In contrast, behaviorist theorists suggest that most behaviors originate through learning processes. Watson thought that people’s behavior, whether good or bad could be explained by learning experiences (Nelson, Israel, 1997). In addition to a strong emphasis on learning and environment, Watson was committed to testing ideas by the experimental method (Nelson & Israel, 1997). The Law of Effect contributed by E.L. Thorndike, states that behavior is shaped by its consequences. If the consequence is satisfying, the behavior will be strengthened in the future; if it is uncomfortable, the behavior will be weakened. B. F. Skinner, another well-respected leading theorist, later substantiated Thorndike’s claims.


During the early years of a child’s life, parents control the child’s experiences of frustration and gratification therefore determining whether the child is reinforced for aggressive or non-aggressive behavior. Parents serve as models for their child to imitate. The parent who uses physical aggression in punishing his child is serving as an aggressive model. The child, through imitation, may be acquiring aggressive response patterns. If children see fighting and violent behavior, they learn that violence is an acceptable and “normal behavior” (Osifsky, 2001). It is not surprising then, that it has been found that the severity of parental punishment for aggression is associated with the child’s own display of aggression.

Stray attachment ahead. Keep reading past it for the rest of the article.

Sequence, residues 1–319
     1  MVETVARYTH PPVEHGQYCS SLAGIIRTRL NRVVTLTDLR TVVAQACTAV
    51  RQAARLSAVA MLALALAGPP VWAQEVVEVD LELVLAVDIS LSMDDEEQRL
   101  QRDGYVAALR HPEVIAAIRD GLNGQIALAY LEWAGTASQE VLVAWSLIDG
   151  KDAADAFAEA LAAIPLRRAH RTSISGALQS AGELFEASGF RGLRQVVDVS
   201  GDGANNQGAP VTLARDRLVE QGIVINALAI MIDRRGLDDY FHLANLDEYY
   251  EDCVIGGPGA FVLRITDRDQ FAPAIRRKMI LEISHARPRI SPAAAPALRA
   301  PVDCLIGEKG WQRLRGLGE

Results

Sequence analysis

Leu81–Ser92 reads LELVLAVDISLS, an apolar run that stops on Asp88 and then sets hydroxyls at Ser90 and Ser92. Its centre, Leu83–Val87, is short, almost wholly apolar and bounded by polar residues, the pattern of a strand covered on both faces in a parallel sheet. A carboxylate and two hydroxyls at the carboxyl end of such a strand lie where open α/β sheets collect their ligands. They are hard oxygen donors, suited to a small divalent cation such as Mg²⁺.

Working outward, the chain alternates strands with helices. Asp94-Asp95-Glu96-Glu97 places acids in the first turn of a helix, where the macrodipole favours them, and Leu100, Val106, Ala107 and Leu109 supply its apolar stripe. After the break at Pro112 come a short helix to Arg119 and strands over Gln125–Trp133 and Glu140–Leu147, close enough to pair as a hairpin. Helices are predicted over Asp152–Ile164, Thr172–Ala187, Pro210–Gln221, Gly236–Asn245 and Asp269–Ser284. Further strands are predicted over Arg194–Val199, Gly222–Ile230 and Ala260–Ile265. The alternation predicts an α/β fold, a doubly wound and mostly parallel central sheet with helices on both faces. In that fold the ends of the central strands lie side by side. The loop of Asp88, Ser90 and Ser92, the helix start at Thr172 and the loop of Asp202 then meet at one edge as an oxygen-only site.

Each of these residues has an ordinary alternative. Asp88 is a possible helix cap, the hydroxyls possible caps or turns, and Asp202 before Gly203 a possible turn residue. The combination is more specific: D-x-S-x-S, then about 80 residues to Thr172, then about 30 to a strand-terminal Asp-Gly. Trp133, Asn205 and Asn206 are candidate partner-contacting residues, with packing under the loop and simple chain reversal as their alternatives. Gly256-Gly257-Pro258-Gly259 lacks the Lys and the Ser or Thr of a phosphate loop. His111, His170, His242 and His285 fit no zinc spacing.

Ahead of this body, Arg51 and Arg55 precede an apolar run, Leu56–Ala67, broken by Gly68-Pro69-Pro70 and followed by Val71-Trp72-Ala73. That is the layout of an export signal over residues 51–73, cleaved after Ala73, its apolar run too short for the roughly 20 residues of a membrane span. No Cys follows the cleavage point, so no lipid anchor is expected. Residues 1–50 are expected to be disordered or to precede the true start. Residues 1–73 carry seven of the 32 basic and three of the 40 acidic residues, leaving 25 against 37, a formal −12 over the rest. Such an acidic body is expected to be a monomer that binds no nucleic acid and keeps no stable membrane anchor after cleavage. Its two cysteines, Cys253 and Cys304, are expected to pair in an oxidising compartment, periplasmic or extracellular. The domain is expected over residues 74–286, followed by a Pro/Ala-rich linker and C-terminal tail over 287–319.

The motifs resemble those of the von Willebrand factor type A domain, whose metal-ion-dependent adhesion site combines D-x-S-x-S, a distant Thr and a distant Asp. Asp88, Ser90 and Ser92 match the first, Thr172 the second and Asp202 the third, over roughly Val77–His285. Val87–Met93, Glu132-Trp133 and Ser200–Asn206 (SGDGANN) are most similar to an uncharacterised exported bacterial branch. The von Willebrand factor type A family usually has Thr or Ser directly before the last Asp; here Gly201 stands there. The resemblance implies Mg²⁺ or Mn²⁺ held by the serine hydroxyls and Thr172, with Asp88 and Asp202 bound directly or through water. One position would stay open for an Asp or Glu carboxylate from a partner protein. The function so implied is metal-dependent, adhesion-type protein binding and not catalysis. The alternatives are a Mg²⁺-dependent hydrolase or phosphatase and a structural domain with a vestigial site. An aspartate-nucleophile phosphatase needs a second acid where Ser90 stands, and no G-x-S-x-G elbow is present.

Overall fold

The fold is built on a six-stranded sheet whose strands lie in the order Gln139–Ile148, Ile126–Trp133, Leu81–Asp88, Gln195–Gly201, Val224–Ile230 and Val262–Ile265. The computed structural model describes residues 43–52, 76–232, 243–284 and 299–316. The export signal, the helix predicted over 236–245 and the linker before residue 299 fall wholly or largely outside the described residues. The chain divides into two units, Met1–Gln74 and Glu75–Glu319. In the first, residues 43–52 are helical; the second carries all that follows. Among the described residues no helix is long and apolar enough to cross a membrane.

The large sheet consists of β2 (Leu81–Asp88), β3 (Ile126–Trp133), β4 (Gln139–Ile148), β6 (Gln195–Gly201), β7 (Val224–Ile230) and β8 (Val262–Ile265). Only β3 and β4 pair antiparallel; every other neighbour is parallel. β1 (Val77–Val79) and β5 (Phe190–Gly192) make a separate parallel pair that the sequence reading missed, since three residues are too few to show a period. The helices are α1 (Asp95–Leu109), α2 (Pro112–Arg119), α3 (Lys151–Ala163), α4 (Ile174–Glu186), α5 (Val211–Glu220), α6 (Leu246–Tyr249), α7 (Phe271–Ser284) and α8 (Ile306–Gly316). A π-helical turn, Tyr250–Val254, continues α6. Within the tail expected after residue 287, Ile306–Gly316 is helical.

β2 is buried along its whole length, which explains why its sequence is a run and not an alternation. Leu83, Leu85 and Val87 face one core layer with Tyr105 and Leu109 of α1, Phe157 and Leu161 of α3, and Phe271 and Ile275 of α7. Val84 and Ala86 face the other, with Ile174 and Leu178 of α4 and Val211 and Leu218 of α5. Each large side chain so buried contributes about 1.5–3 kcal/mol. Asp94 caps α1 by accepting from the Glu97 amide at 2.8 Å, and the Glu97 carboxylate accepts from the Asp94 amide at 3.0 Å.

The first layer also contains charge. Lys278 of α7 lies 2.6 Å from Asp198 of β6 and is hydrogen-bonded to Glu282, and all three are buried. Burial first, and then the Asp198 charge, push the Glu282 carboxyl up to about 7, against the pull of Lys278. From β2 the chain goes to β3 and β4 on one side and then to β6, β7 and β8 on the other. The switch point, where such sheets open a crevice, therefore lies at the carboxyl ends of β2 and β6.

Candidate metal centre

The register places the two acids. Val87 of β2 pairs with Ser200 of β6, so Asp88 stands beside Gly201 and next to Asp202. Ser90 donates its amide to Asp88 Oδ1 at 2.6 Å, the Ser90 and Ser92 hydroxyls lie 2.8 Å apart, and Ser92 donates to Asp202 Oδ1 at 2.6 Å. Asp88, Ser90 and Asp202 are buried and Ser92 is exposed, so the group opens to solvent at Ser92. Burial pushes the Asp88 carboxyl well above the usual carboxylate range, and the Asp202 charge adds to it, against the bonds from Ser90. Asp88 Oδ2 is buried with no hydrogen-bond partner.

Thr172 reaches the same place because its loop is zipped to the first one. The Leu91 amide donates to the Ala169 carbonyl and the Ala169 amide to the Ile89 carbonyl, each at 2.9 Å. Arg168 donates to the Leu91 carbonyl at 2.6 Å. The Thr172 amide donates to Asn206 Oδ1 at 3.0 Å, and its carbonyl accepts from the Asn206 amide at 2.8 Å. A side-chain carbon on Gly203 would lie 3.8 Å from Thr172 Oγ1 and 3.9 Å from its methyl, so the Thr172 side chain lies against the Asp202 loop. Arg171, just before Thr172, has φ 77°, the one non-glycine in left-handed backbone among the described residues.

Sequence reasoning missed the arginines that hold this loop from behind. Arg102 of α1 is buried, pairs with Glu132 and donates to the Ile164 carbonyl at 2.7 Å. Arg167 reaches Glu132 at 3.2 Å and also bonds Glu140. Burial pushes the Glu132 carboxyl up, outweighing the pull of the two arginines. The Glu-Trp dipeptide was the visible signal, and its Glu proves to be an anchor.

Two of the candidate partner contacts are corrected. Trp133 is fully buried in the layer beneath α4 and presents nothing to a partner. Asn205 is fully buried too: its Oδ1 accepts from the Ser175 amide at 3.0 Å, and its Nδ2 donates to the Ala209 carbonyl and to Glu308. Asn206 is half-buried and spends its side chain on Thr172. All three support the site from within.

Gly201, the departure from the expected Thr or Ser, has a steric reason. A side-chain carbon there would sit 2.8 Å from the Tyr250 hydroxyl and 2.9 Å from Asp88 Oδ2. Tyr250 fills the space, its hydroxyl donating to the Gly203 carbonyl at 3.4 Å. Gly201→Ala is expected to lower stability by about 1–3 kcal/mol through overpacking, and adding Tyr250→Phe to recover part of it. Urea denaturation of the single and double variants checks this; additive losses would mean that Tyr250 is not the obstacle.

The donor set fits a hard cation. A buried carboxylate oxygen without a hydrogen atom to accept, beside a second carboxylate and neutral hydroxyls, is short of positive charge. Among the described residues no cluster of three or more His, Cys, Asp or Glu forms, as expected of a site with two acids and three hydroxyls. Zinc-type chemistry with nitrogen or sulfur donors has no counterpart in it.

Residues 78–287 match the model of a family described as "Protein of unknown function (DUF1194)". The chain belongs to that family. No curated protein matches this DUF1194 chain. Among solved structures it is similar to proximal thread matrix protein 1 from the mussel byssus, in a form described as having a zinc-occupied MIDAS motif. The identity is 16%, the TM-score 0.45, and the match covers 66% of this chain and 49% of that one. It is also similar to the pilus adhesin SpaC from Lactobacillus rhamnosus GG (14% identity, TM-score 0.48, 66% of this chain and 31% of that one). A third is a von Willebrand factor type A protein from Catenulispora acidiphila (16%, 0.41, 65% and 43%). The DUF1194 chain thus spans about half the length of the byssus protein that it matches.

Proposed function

Children many times pick up their aggressive behavior in school, on the playground, from friends, and especially from television, movies and books. It has been demonstrated that we can learn to be aggressive by merely viewing a short film that shows aggressiveness as an acceptable response. Such shows for children include Power Rangers, Teenage Mutant Ninja Turtles, and Batman just to name a few. One can just see aggression and then imitate it. Behavioral theorists emphasize the behavior is a result of a process of learning from observing. By the time we are just five years of age we have either learned to be kind and caring or aggressive. The most common factor that leads to an aggressive child is having a parent who uses aggression to control their child. The best way to predict if a child will be an aggressor is to observe his early behavior.